In the two-part article on the Song of Moses, I showed that Deuteronomy 32 introduced a distinction between the Israelites GOD was angry with and those servants He would vindicate in a coming judgment.
The writings of the Old Testament (OT) Prophets can sometimes be difficult to understand. One reason is that, often within the same text, it GOD seems to contradict Himself.
But when we understand the Song of Moses and the distinction GOD made between the wicked and the righteous Israelites, our clarity surrounding the Prophets increases dramatically.
This principle can be seen in every prophet’s writings, but to illustrate, I’m going to use Joel 2.
Welcome to part 8 of my series on rethinking Christian eschatology. Because these articles build on each other, if you’ve not already done so, I invite you to read the previous posts before continuing here.
Joel 2 is an important prophecy, one that we will examine again in a future post. For now, I want you to consider the following:
- Joel 2 is a prophecy against Israel and Jerusalem specifically.
- Note how GOD spoke words of harsh condemnation and judgment, immediately followed by promises of comfort and blessings. And both are spoken to “Israel.”
1 Blow the trumpet in Zion;
sound the alarm on my holy hill.
Let all who live in the land tremble,
for the day of the Lord is coming.
It is close at hand—
2 a day of darkness and gloom,
a day of clouds and blackness.
Like dawn spreading across the mountains
a large and mighty army comes,
such as never was in ancient times
nor ever will be in ages to come.
3 Before them fire devours,
behind them a flame blazes.
Before them the land is like the garden of Eden,
behind them, a desert waste—
nothing escapes them.
4 They have the appearance of horses;
they gallop along like cavalry.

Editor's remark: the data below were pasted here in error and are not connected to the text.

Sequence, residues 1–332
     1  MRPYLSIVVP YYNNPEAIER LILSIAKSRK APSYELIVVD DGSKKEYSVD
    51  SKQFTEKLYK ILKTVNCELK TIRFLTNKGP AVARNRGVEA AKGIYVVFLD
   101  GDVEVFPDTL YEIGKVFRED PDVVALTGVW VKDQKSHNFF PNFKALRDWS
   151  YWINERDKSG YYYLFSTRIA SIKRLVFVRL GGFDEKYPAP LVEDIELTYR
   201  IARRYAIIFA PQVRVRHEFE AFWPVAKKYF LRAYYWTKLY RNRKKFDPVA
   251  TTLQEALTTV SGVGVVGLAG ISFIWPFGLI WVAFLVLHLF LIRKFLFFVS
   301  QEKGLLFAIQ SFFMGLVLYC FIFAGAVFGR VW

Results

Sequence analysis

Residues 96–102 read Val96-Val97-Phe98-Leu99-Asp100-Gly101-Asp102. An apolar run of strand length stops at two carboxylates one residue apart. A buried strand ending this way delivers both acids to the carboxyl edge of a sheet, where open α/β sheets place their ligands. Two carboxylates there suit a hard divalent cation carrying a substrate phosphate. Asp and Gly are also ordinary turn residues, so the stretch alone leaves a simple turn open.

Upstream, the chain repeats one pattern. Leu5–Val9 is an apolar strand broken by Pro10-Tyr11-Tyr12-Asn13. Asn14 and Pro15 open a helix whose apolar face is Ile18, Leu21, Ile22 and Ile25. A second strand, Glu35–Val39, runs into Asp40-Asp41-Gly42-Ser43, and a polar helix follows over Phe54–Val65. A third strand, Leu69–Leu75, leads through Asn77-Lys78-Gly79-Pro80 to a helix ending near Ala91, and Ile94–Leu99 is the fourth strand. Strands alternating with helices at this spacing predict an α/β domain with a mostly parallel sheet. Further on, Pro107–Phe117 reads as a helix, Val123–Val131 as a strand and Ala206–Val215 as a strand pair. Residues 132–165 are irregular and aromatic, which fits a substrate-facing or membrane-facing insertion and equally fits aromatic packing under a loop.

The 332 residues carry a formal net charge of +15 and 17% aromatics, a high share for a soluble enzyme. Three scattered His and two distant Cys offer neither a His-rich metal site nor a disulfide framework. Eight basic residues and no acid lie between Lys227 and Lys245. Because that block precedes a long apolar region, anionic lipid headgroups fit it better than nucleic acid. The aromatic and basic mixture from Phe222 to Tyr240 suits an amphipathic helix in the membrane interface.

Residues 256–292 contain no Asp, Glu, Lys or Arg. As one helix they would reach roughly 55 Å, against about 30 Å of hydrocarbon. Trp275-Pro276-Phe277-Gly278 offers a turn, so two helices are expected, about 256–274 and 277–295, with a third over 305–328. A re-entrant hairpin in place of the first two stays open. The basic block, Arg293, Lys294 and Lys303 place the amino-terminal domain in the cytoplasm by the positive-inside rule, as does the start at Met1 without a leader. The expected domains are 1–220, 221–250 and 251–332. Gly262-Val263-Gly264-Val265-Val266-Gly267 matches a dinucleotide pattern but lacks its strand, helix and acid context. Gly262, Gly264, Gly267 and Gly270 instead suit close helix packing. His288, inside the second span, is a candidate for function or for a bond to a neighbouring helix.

5 With a noise like that of chariots
they leap over the mountaintops,
like a crackling fire consuming stubble,
like a mighty army drawn up for battle.
6 At the sight of them, nations are in anguish;
every face turns pale.
7 They charge like warriors;
they scale walls like soldiers.
They all march in line,
not swerving from their course.
8 They do not jostle each other;
each marches straight ahead.
They plunge through defenses
without breaking ranks.
9 They rush upon the city;
they run along the wall.
They climb into the houses;
like thieves they enter through the windows.
10 Before them the earth shakes,
the heavens tremble,
the sun and moon are darkened,
and the stars no longer shine.
11 The Lord thunders
at the head of his army;
his forces are beyond number,
and mighty is the army that obeys his command.
The day of the Lord is great;
it is dreadful.
Who can endure it?
12 “Even now,” declares the Lord,
“return to me with all your heart,
with fasting and weeping and mourning.”
13 Rend your heart
and not your garments.
Return to the Lord your God,
for he is gracious and compassionate,
slow to anger and abounding in love,
and he relents from sending calamity.
14 Who knows? He may turn and relent
and leave behind a blessing—
grain offerings and drink offerings
for the Lord your God.
15 Blow the trumpet in Zion,
declare a holy fast,
call a sacred assembly.
16 Gather the people,
consecrate the assembly;
bring together the elders,
gather the children,
those nursing at the breast.
Let the bridegroom leave his room
and the bride her chamber.
17 Let the priests, who minister before the Lord,
weep between the portico and the altar.
Let them say, “Spare your people, Lord.
Do not make your inheritance an object of scorn,
a byword among the nations.
Why should they say among the peoples,
‘Where is their God?’”
18 Then the Lord was jealous for his land
and took pity on his people.
19 The Lord replied to them:
“I am sending you grain, new wine and olive oil,
enough to satisfy you fully;
never again will I make you
an object of scorn to the nations.
20 “I will drive the northern horde far from you,